When you face shrinking budgets, videoconferencing can seem a double-edged sword: It offers the potential to cut costs and improve communication, but also requires an investment in setup and maintenance. How can you measure your return on investment (ROI)?
Before you get into the math—especially if you’re starting from scratch—you need to understand both what you want to measure and your current benchmarks, as well as the best type of system to invest in.
The Hard and Soft Costs of Videoconferencing
Reducing travel spend is one of the most cited reasons for the move to videoconferencing, cutting hard costs like hotels, airfare, ground transportation, and meal allowances.
However, the impact of videoconferencing on soft costs is much broader. When considering travel expenses, for example, soft costs also include lost productivity due to both travel and recovery time, as well as hardships to workers like pet or child care costs and home security.
• Improves collaboration and productivity across remote teams; picking up on nonverbal cues via video leads to fewer miscommunications.
• Enables higher-quality interaction, even at a distance, with clients and potential customers.
• Facilitates hiring, training, and retention—especially for remote workers; measuring the benefits of a good hire or employee satisfaction can be a challenge, but it’s no secret that replacing someone is costly.
• Cuts delays that stem from trying to coordinate travel and scheduling for in-person meetings.
• Reduces the risk of “shadow IT,” especially among younger workers who are more likely to turn to consumer-grade systems if an organization doesn’t provide the tools they need to do their work effectively.
These secondary benefits can be harder to quantify, but are incredibly important for competitive businesses; they revolve around work efficiency, productivity, and collaboration—factors that might be harder to put a dollar value on, but which can ultimately make or break your business.
Managing the Expense of a Videoconferencing System
Once you’ve identified what factors you want to improve, you can look at the systems available to decide what type of videoconferencing service will meet both your needs and your budget.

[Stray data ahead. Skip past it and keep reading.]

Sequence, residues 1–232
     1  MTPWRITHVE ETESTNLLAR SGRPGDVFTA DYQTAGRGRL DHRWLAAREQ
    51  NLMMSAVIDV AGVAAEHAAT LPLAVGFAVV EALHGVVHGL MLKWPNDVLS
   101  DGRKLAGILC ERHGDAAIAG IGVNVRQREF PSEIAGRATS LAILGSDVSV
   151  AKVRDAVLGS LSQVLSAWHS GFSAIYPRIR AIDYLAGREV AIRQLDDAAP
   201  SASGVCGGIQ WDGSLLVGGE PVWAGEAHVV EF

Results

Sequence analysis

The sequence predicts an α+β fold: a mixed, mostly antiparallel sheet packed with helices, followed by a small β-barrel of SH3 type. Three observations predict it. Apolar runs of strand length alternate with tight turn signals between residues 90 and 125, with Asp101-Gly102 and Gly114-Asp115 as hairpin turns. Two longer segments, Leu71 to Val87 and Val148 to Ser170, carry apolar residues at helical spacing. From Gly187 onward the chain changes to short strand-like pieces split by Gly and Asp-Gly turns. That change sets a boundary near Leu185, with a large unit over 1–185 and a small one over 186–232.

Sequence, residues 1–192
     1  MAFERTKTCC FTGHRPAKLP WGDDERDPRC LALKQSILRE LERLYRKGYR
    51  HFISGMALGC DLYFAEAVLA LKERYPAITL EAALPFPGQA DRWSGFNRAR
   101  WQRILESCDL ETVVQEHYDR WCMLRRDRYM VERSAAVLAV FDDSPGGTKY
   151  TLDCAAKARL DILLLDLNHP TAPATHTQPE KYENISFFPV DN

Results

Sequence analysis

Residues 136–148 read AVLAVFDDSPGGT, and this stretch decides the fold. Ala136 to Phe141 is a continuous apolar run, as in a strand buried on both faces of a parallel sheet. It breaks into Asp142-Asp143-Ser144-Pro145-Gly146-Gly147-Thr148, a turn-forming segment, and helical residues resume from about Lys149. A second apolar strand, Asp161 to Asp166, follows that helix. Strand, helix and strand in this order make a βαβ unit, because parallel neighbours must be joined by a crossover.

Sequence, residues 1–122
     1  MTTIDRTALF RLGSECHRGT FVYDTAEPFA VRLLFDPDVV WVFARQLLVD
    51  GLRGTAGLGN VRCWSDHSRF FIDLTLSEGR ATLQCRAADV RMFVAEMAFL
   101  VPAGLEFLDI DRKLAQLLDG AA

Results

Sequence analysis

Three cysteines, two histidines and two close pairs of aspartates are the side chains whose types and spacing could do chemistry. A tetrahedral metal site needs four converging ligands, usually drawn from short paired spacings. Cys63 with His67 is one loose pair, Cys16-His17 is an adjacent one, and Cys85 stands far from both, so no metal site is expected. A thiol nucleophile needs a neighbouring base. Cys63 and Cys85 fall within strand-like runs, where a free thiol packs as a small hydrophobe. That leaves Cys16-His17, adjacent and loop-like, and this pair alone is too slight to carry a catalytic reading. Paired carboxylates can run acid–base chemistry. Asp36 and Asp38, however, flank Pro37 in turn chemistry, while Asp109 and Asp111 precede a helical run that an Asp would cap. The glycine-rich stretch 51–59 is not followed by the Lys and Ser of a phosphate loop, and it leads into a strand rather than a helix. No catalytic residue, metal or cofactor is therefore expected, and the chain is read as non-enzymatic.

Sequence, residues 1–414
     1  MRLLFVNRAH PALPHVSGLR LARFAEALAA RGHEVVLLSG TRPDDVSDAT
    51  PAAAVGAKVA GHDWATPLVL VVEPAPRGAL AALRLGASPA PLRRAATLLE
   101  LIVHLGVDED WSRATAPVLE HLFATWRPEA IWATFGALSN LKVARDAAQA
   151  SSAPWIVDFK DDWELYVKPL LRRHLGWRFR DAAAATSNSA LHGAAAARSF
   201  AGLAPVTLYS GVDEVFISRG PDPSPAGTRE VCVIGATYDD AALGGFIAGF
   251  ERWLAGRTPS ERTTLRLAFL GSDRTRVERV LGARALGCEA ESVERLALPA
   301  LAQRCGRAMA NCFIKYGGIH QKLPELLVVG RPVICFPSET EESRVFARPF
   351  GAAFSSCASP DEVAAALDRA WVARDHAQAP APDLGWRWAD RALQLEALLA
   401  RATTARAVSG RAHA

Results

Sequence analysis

Onsite or hosted. One of the first and most important things to consider is whether an onsite or hosted videoconferencing solution will fit your organization best. An onsite solution involves upfront expenses for hardware and infrastructure, and gives you full control over the videoconferencing system—if you have the expertise on-hand to launch and maintain it successfully. A hosted model typically distributes costs over time, and includes support, maintenance, and even training. Additional costs with either system may include network upgrades, bandwidth consumption, training, and operational support.
Employee adoption. End user adoption is a critical factor if your organization is going to see any return on its investment, whatever factors you hope to measure—but it’s easy to get wrapped up in technical and deployment details while forgetting the users themselves. Take a closer look at how videoconferencing will help your team work better and faster, then clearly community the benefits and how to use the system. This also speaks to troubleshooting once the system has rolled out; if people know how to use it, but find it unreliable or of poor quality, your ROI will sink. If you aren’t keeping track of use and experience, you won’t understand why your system is failing.
Use Analytics to Automate ROI Calculation
A growing number of companies are using new video analytics platforms to automatically calculate their videoconferencing ROI. These platforms can track quality, usage patterns, and cost allocation, troubleshooting and analysis, as well as the details of your infrastructure and system management. By tracking this information, an analytics platform can help identify rate of adoption, how and where workers prefer to conduct meetings, and how that pattern fits your existing videoconferencing solution (i.e. whether room-based setups or cloud-based options are more effective).
The ROI of videoconferencing isn’t impossible to track, but it does require thought and customization. Taking a broad view of its impact will help identify both direct and secondary benefits so you get a truer sense of the ROI for your organization.